And that's my point.  We talk about, praise, and defend the changes to the CCSS here in this blog.  But I think we need to get our voices "out there."  Vicki did this very nicely in a response to a Dianne Ravitch blog and I'm sure others have responded in a variety of ways to similar negative comments.  But I think we need to add our voices if not daily, at least over and over again.  I'm going to respond tomorrow to the Ravitch post (though I promise not to be snarky) and then make it a practice to address the negative noise whenever I encounter it as best as I can.  I have a feeling that if enough positive voices are heard, and heard constantly, we can keep the momentum going in the right direction.                        
                 
    

5 comments:

Sandy Brehl said...

Jim, the pushback you're noting is not about the importance of teaching the topics in CCSS, but about using it as a tool for furthering the labeling of schools as failures and moving public education into a private enterprise funded by public dollars. See this post:
http://dianeravitch.net/2013/03/12/brian-ford-says-repeat-after-me/
Using authentic, high quality literature to develop knowledge and understanding of all subject areas is at the core of good learning, but arbitrary and invalid testing is not.

Jim Murphy said...

I agree Sandy. Even Diane Ravitch admits there's good things going on in the CCSS (though she quickly pushes that aside to continue her rant). I see it as a strategy to wear people down with a constant, droning message and get them to either be quiet or sign onto her side. I just think a leveled-headed response would at least give some balance to the ongoing discussion.

Sandy Brehl said...

Jim,
After forty years of teaching I couldn't agree with you more about keeping a reasoned voice, as well as the need for all people to speak up reasonably about their positions and support them fully.
I hope you will comment on Diane's blog, since she welcomes (and always has) comments and even guest posts from all sides.NEVER has she discouraged open and honest discussion of all points of view. Also check her archives sometime to see her "ground rules" which rule out obscenity and personal attacks. Other than that, she welcomes open discussion.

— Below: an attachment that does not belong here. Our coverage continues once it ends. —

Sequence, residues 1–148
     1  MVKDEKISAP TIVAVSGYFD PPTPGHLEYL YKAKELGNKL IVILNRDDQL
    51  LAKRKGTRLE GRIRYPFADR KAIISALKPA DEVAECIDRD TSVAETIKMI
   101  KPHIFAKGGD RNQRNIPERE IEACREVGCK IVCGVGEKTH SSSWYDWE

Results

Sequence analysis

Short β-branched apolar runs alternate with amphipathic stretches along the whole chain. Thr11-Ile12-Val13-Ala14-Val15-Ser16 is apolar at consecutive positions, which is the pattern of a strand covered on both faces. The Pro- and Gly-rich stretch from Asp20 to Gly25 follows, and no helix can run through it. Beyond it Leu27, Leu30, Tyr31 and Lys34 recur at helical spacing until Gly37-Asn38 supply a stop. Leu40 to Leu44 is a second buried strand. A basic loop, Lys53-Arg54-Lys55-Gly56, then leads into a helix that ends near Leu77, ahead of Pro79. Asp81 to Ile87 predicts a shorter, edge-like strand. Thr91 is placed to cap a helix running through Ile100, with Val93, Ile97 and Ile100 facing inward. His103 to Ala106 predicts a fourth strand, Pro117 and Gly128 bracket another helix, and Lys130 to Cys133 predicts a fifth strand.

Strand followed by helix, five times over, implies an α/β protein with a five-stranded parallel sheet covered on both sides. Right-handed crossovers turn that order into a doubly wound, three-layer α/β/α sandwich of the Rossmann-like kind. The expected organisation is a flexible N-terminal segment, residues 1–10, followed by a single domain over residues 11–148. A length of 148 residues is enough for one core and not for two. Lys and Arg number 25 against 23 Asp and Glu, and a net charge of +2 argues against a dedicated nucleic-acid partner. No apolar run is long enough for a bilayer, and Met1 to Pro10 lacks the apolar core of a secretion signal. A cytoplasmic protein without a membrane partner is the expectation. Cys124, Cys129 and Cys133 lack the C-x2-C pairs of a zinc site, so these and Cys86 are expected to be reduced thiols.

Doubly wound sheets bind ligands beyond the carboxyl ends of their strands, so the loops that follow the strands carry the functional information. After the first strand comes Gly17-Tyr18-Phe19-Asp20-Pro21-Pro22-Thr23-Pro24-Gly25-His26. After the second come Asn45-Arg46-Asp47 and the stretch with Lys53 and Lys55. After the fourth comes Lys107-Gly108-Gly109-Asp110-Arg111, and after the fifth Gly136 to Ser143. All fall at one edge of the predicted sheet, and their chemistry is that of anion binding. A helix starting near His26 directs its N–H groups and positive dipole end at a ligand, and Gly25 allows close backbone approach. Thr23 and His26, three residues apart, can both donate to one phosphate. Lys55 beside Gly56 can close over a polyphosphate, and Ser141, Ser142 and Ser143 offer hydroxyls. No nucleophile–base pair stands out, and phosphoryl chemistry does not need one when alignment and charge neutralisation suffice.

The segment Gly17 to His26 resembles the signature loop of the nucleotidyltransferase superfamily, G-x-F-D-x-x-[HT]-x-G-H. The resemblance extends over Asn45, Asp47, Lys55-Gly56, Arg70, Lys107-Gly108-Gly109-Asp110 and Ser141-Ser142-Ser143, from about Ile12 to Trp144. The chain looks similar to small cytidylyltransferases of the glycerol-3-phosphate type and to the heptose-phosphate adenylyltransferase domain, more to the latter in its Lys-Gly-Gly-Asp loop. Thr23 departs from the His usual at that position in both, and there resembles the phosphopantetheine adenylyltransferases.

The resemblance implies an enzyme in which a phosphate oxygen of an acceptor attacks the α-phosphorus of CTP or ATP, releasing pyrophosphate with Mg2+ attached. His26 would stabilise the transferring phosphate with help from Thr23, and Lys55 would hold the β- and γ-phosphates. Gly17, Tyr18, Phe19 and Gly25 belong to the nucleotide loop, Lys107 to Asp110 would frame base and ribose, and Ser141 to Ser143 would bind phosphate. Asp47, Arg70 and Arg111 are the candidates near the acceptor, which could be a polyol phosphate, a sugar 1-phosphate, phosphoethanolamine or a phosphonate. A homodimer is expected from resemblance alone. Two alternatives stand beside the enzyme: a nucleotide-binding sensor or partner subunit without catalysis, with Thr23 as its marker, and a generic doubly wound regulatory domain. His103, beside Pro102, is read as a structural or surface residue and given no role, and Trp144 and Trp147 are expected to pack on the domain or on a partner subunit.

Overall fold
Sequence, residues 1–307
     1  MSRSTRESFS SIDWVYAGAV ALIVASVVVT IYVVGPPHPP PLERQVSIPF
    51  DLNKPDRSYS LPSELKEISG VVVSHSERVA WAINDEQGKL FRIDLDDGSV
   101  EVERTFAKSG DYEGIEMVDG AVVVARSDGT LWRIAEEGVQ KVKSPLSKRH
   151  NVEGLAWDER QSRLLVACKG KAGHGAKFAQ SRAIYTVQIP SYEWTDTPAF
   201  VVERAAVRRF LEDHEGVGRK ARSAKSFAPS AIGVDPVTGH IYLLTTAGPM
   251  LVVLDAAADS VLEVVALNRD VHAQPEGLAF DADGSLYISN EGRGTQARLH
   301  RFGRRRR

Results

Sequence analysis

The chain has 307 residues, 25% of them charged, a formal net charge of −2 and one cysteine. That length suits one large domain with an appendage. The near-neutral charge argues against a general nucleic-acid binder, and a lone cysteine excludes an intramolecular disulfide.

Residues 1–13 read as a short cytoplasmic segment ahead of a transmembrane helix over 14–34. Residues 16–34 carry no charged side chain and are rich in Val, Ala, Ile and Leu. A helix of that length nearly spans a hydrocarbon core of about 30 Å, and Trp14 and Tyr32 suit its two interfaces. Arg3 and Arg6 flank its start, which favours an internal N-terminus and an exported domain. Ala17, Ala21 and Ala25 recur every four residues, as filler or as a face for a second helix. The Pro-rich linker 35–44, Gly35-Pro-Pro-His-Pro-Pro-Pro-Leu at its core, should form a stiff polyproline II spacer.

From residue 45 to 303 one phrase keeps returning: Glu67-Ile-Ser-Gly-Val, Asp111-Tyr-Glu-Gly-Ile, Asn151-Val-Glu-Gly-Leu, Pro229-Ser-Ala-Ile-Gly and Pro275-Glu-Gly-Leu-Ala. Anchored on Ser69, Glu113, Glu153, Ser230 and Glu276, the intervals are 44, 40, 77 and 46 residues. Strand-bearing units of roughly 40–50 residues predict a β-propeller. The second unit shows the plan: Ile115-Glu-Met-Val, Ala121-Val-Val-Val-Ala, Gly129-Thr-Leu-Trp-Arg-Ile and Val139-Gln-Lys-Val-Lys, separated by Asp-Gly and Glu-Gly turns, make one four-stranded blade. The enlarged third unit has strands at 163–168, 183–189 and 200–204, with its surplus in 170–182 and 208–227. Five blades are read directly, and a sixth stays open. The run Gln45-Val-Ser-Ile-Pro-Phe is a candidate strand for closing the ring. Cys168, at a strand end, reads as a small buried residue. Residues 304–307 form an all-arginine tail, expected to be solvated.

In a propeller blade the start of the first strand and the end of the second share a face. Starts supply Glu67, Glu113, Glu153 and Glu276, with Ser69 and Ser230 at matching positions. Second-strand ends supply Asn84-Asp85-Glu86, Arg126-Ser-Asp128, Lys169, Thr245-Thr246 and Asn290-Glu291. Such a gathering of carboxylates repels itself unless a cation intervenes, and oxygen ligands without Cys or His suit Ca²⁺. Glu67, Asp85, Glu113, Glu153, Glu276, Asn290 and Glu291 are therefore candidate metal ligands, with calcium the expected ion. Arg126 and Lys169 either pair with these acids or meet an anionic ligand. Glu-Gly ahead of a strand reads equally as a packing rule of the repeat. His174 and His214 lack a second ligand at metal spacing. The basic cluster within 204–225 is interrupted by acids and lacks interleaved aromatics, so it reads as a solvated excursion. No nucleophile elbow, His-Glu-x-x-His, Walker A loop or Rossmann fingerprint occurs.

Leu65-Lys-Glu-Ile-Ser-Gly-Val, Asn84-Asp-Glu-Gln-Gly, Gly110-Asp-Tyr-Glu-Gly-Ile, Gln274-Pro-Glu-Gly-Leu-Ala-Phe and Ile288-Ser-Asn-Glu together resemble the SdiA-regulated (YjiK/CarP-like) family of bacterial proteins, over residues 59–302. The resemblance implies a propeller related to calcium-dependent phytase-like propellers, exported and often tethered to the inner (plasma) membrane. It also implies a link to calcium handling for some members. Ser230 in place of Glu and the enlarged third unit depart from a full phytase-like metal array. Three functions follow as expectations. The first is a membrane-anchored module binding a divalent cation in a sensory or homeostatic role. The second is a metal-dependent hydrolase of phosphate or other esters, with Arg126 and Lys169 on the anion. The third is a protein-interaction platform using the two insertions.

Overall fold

The issue isn't the CCSS as an entity, and I won't repeat her arguments against the coercive way in which they have been been instituted. Since they began she refrained from taking any position about them except to say that they were never piloted and the creators of them did not represent educators or those knowledgeable in the various domains.
This is factual, not a rant. Only in the past month did she finally take a position against the implementation of them as a coercive tool. 46 states signed on because without doing so they would be denied ANY federal dollars, and no one can afford to do that.
There was NO state representation, no educator representation in their development, but rather a third party(ies) created them from a conglomeration of state standards arbitrarily.
Ask Vicki how strongly I agree with the need to have quality non-fiction trade books as the core of high-level instruction, exploration, and research in all disciplines. Always have, always will. I agree fully that the mandates of CCSS open a market for your work and will increase the publishing demand for new (and backlist) titles. I applaud and celebrate that, along with any and all initiatives to engage kids with these materials.
My concern is not that a reasoned and open discussion take place, but that any objection to the current status of the CCSS be seen as a "rant" or a polemic of some sort. Diane is the most reasoned and researched educator around, and holds us all to that standard.
The issue is the politicization of education at the cost to children. Testing will be mandates, and it will ONLY be in reading/math, not across the board.
CCSS IS a reality that has started and will continue to shift the markets in your favor. Just realize that the massive amounts of dollars (billions-with a /b/) that education pumps into the CCSS will end up in the hands of packaged programmers and test-makers. Perhaps your work will be excerpted and will generate some additional funds for authentic creators of literature for young readers, but the vast majority of it will move right out of your reach.
When you speak up about CCSS, and I urge you to do so at every opportunity, please understand the source of pushback is likely coming from parents, educators and others who are opposed to children being co-opted for the sake of hedge funds, not about an authentic development and use of standards.

Catriona Lewis said...